“Bubble bags helped me do detective work to find out how plants were being grown,” he said. “I’d make some bubble out of what I thought was bioweed, untreated. But then I’d taste and smell sulfur on the bubble. It was a fumigant called “Defender” that growers were spraying on their buds to prevent powdery mildew. The sulfur in it penetrated the glands. You couldn’t even wash it away. I threw batches of bad bubble over the deck and the bubble bags I made it with were sulfurized too. I had to destroy them.”
A passion for resinalysis and glandular purity is a mystical, obsessive quest that has led Bubble Man to make hundreds of batches of bubble hashish from dozens of varieties of marijuana.
He has gathered and assayed resin glands from leaves, flowers, stems, branches, from buds at all phases in the maturation process, from glandular trichomes to unstalked glands ? he has even tested the cannabinoid content and inhaleability of trichome stalks by themselves!
BubbleMan sells a customized six bag kit that allows hashishmakers to produce two to five types of hashish from each batch of raw material. The pore size of each bag’s screen is gradated; different size resin glands are deposited screen by screen during the bubblemaking process. Gland size indicates glandular maturity, plant variety, type of cannabinoids contained in gland, and ultimately potency.
In traditional hashishmaking processes, whole plants are threshed over sieves or screens. The bubble process utilizes whole plants too, but bubble can also be produced using trim leaves, flowers, seed bracts, and sifted resin powder.
“Every bubble session produces unique hashish,” BubbleMan says. “With bubble, you can even process moldy marijuana, using the screens and water to separate the mold from the glands. You can turn trash into stash. Plant parts that used to be thrown away or turned into compost can be processed in bubble bags to make high quality bubble.”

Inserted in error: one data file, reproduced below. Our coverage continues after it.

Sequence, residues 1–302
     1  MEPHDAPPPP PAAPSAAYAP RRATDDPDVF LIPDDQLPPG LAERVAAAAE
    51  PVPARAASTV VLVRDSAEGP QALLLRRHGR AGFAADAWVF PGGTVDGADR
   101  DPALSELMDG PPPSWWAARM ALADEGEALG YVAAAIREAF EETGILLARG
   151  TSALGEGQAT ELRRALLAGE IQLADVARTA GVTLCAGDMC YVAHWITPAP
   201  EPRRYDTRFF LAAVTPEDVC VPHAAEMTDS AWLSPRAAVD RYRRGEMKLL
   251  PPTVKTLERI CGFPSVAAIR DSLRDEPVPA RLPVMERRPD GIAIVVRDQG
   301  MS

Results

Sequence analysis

The bubble process produces a rainbow coalition of hashish varieties. Colors include red, white, maroon, lime green, yellow, orange, black, golden, and even translucent.
“This is an amazing way to honor hashish,” BubbleMan says. “You can create an artist’s palette of hashish of varying types, tastes, potencies. You can change the taste and feel of bubble by how you cure and age it. The sky’s the limit.”
It took me a while to learn to use bubble hashish properly.
I got over the initial falling down shock of it early on, but there were other challenges.
For one thing, bubble is so much stronger than regular marijuana that you only need to smoke a tiny amount of it to get super high.
It’s tricky to roll joints full of bubble, although some people form bubble into hollow cones or snakes, using the cones as a rolling paper, or lighting the snakes and inhaling them like a joint.
Bubble is too powerful for most novices or once-a-month smokers, and it either bubbles or catches fire when you light it. It doesn’t ignite and stay lit like marijuana or less pure hashish does.
It’s easy to go through $55 worth of bubble in just a few minutes, mainly because it’s hard to cut and place such a small amount of material into a bowl all by itself; you tend to put in more than you need, and are lucky to get more than two or three hits before it’s gone. Sometimes, you’re forced to place the bubble on a bed of whole bud just to keep it from slipping down the neck of a pipe.
Unless somebody in your group has a large supply of bubble, it’s not really the easy social ritual cannabis product like a joint or a bong full of whole cannabis is. But there are powerful reasons for using bubble hashish; primary among them: “harm reduction.”
When whole marijuana is combusted, cannabinoids are activated, but combustion also produces a variety of irritating and damaging constituents that don’t get you high.
“Bubble doesn’t have anything but cannabinoids,” says BubbleMan. “You’re not getting any of that other stuff. You’re not smoking vegetable matter; you are smoking pure psychoactive content. It saves your lungs, and gives you a clearer high.”
The economics and practicalities of becoming a bubblehead have to be carefully analyzed. It takes a lot of raw material to make bubble hashish; the process is best suited for growers, who usually have oodles of leaves and stems left over after manicuring their buds. For people who can afford or obtain only small amounts of retail-priced marijuana, does it make sense to bubble?
“There’s cannabinoid content in whole marijuana other than in resin glands,” BubbleMan explains, “but not anywhere near as much in comparison to the glands. If you take an ounce of pot and make three grams of bubble, you’re getting three grams of pure cannabinoids that you would have had to smoke an ounce to get. You’ll get higher faster, without wasting your breath on plant material that is in some cases practically devoid of cannabinoids.”
Another bubble benefit, BubbleMan says, is ease of concealment and transport. Some bubble is so volatile that it must be kept in a freezer, but well-pressed bubble hashish that has been properly dried, cured and formed is so concentrated and portable that a postage stamp-size piece of hashish, equivalent in stone potential to a couple of ounces of pot, can be carried across borders and in other mobility situations with minimum risk.
“This is the ideal marijuana product of the 21st century,” BubbleMan says enthusiastically. “It answers health concerns, purity concerns, and security concerns all at once.”